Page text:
Personally, I think that donating blood is more fun than voting, even with that big ol' needle:  first, all you have to do is show up and they are soooo very grateful (kinda like your parents at dinnertime.  Although it's always good to wash your hands);  second, they serve cookies and juice;  third, you really feel that you are truly helping out.

But you still gotta vote. Even without the cookies and juice.  And this year, in case you weren't paying attention, you have one big-ass election to work with. On November 6th, to be precise.  So if you're not registered to vote (or can't remember, or just moved, or whatever), start here.

Even if you will be away from home in November, you may still vote, only you have to do it by mail (yup, you'll also need one of those things called "stamps"). But first you have to be registered.

Then you can request an absentee ballot. For an absentee ballot, click here and let them lead you through the process. It's really easy, but do it soon. Because in many states, even by early October, it may just be too late.

As for donating blood?  Keep in mind that you can do that pretty much any time of the year. And rugby - who knows exactly when that season is?

Sunday, September 9, 2012

Amaryllis Summer and Winter

Winter Amaryllis

We all know and love those happy holiday blooms of the amaryllis (hippeastrum cultivars) which brighten up winter's short, dark dampyness. Often they even come packaged with their own pot of dirt. They grow, they bloom, look lovely, fade, and then get thrown away. And the following year you buy new ones to shine during those dark days.

That's cool. But what do you get if you keep them throughout the year and allow them to re-bloom?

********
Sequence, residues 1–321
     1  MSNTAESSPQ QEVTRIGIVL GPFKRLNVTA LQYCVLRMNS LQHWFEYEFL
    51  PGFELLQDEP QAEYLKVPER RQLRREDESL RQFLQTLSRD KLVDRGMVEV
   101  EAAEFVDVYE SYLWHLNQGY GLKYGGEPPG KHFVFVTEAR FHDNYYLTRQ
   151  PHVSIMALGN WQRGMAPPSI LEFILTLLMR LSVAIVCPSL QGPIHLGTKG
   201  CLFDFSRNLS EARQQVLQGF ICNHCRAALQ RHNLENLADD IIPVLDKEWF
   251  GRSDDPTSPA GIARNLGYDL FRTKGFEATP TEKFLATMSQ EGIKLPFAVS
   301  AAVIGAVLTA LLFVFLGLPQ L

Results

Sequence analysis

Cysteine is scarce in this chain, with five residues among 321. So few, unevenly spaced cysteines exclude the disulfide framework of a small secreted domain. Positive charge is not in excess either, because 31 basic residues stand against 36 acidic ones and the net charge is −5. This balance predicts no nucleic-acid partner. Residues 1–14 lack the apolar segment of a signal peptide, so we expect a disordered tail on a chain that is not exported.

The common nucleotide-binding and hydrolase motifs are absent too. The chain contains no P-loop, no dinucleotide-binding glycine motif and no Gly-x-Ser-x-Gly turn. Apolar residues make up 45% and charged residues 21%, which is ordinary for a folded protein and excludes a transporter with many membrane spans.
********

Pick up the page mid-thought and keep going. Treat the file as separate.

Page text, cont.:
Summer Amaryllis
Well, what you get is is a monster-blooming, hunk'o flowering thing that won't let up.  Last winter, (after five or so years here), my amaryllis had four stalks of flowers in January. And then in March, it popped out another two stalks ready to bloom. Pretty nice.

After its winter blooming cycle, amaryllis need to go outside for a summer holiday.  And what happens then?  You get another one or two blooming stalks appearing in August. Bad timing, because that is pretty much when they should be stashed in the garage for a long, quiet nap.  Nonetheless, sure lovely to see in the summer.

I would like to say that this show-off performance is utterly miraculous, except that I have two plants that act in this same silly way. And I would love to take credit, but really, it's all their own personal glory.

For (very) complete details on keeping amaryllis bulbs going for years and years, click here.

Saturday, September 1, 2012

Well, That Was Fun...

and delicious! Last Saturday, my friend Liz and I went out to Annie's Annuals & Perennials to taste tomatoes from Brad Gate's Wild Boar Farms. The tasting at Annie's seems to be a yearly event.